A serious problem, which I think we all agree this is, should be confronted from different aspects. Both causation and method sounds reasonable. Mental illness, exposure of children to violence, and ability to get ammo and certain kinds of guns.

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Response to Honeycombe8 (Reply #27)

Mon Dec 17, 2012, 09:42 PM

39. If your theory was correct, non-mass killings would also be up.

You are claiming violent media leads to real-world violence, spectacular or not. But real world violence is actually down while exposure to violent media is up. Since the stats are moving in the opposite direction, it would not appear there is a correlation.

Further, you get much more media violence in Japan - they have video games so horrible no one will distribute them to the rest of the world. Yet Japan is one of the least crime-ridden countries on the planet. If your correlation existed, how could Japan completely avoid it? Even if there were other societal pressures to act as a brake, you'd still get people causing real-world violence if there was a significant correlation.

My objection is not some misplaced love of violent games - I'm old enough to have enjoyed plenty of games before first-person shooters were invented and feel that they've squelched too much of gaming's variety.

But you're asserting a correlation when the data shows the stats moving in the opposite direction.

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Response to Honeycombe8 (Reply #11)

Mon Dec 17, 2012, 09:41 PM

38. If you believe so strongly in correlative evidence, then tell me what this means

Violent crime has unquestionably gone down significantly during the same time period that video games, movies, TV, and music has unquestionably gotten more violent. How do you explain that and does it not introduce doubt? If correlative evidence were that significant, then one could argue that these violent things you speak of actually reduce actual violence.

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Response to whatchamacallit (Original post)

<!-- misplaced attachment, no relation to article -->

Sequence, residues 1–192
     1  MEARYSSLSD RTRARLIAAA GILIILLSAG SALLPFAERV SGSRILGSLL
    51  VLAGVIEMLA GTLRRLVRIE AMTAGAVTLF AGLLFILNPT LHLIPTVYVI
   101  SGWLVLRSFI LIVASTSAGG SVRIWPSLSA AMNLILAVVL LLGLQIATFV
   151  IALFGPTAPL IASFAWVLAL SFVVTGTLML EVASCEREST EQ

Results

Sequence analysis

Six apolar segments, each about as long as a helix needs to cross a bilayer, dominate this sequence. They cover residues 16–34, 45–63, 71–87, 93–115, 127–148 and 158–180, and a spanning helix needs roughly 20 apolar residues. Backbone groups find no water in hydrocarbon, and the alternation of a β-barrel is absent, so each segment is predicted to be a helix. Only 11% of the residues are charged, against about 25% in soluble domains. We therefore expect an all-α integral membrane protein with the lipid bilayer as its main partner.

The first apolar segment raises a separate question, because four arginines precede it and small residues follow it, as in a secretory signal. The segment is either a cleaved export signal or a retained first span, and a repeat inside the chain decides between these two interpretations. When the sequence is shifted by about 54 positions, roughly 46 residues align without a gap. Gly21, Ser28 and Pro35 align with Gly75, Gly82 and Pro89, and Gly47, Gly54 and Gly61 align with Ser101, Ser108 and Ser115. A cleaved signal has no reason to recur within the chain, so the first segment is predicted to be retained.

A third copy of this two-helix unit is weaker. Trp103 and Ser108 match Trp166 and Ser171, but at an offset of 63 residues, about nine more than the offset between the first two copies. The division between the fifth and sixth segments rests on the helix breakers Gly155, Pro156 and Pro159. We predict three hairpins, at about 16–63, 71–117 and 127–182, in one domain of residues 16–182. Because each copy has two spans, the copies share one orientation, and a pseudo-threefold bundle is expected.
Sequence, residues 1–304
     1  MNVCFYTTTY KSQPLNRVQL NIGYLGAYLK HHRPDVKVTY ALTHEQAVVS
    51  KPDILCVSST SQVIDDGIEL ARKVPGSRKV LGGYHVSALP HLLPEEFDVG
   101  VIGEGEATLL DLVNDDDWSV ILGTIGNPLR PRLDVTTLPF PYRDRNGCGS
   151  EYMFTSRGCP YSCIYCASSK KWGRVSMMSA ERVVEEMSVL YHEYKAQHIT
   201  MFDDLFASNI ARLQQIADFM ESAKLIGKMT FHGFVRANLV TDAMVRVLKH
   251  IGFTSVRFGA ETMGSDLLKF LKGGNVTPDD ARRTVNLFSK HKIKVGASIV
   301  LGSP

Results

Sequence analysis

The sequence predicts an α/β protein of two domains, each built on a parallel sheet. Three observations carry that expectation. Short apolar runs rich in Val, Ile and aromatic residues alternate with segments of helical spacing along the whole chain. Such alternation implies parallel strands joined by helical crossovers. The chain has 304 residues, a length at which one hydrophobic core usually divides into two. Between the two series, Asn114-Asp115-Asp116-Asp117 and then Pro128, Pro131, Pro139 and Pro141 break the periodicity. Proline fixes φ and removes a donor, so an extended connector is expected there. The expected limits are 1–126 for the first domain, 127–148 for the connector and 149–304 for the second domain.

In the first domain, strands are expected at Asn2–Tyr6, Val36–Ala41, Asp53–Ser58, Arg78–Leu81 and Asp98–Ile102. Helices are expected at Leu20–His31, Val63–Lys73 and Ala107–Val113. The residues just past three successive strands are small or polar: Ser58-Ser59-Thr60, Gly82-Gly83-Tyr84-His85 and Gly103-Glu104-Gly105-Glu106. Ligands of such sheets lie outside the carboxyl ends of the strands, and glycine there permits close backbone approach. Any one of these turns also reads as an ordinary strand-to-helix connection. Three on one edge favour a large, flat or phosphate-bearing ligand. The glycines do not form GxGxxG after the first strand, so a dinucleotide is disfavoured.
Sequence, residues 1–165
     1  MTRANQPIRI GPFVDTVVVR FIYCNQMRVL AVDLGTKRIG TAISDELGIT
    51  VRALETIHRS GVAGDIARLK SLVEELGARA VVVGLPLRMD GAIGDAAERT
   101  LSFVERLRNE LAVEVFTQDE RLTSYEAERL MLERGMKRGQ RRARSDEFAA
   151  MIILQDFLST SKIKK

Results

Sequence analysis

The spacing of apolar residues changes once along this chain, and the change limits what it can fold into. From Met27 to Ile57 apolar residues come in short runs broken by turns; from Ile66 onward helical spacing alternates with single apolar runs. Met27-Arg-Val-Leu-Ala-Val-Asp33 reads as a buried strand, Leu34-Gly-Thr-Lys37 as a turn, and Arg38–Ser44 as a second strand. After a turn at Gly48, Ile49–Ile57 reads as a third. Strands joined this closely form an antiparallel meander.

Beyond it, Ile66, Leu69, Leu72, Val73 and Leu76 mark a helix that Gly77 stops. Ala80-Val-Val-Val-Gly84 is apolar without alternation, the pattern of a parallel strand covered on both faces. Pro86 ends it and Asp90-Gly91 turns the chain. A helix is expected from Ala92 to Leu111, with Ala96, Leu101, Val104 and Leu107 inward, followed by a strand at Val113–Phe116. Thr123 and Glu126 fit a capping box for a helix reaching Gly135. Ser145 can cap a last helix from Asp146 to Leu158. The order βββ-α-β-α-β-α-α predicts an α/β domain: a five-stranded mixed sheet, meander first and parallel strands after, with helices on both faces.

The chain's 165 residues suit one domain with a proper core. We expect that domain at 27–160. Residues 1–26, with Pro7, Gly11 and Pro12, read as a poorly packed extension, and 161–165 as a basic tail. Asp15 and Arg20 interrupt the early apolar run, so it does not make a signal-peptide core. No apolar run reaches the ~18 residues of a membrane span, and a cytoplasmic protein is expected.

Mon Dec 17, 2012, 09:11 PM

12. A-fucking-men.

It's video games!
It's violent movies!
It's comic books!
It's Dungeons and Dragons!
It's kids with Aspergers! Lock 'em up!

With tragedies, we get the opportunity for action, but we also get morons who stir up moral panics, and often succeed.

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Response to backscatter712 (Reply #12)

Mon Dec 17, 2012, 09:14 PM

17. Moral panics? So is concern over Rape Culture also "moral panic"?

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Response to whatchamacallit (Original post)

Mon Dec 17, 2012, 09:12 PM

13. It's called a Culture of Violence. You either support it our you don't.

Buy into violent media and you support it.

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Response to whatchamacallit (Original post)

Mon Dec 17, 2012, 09:14 PM

16. The anti-video game people subconsciously think people are stupid...

...and need help from Big Brother to be a good human being. They may call themselves "progressives", but thinking people are inherently bad and need to be saved from themselves is a conservative belief.

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Response to Odin2005 (Reply #16)

Mon Dec 17, 2012, 09:15 PM

18. I love video games. Who is "anti-video games"? And people who buy into violent crap are tools of the

corporations peddling it.

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Response to KittyWampus (Reply #18)

Mon Dec 17, 2012, 09:24 PM

28. You mean like the two person shop

That designed minecraft? I should warn you, all that building is very violent.

FYI, one of the most popular games world wide.

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Response to KittyWampus (Reply #18)

Mon Dec 17, 2012, 10:01 PM

45. Thank you, I did enjoy Max Payne 3.

And apparently I'm a tool

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Response to Odin2005 (Reply #16)

Mon Dec 17, 2012, 09:32 PM

32. Who is anti-video? Let's have some names. Did they send you e-mails? Or on TV?

I don't see any in this thread who are anti-video games. I love video games, myself.

Now, violent video games for children, hours on end....that's something else. No one is speaking of banning them. But parents who let their kids, even teens, spend their time that way aren't going to be happy with the results. And the rest of society may not be happy with their teen, either.

Violent video games are rated, and kids below a certain age aren't supposed to be playing them.

It does desensitize kids to violence, and objectifies "victims." An adult is better able to handle that, I think. A kid's brain is still forming; they are very impressionable. It may do no harm. Or it may. That's all I'm saying. It should be looked at. There's no reason not to.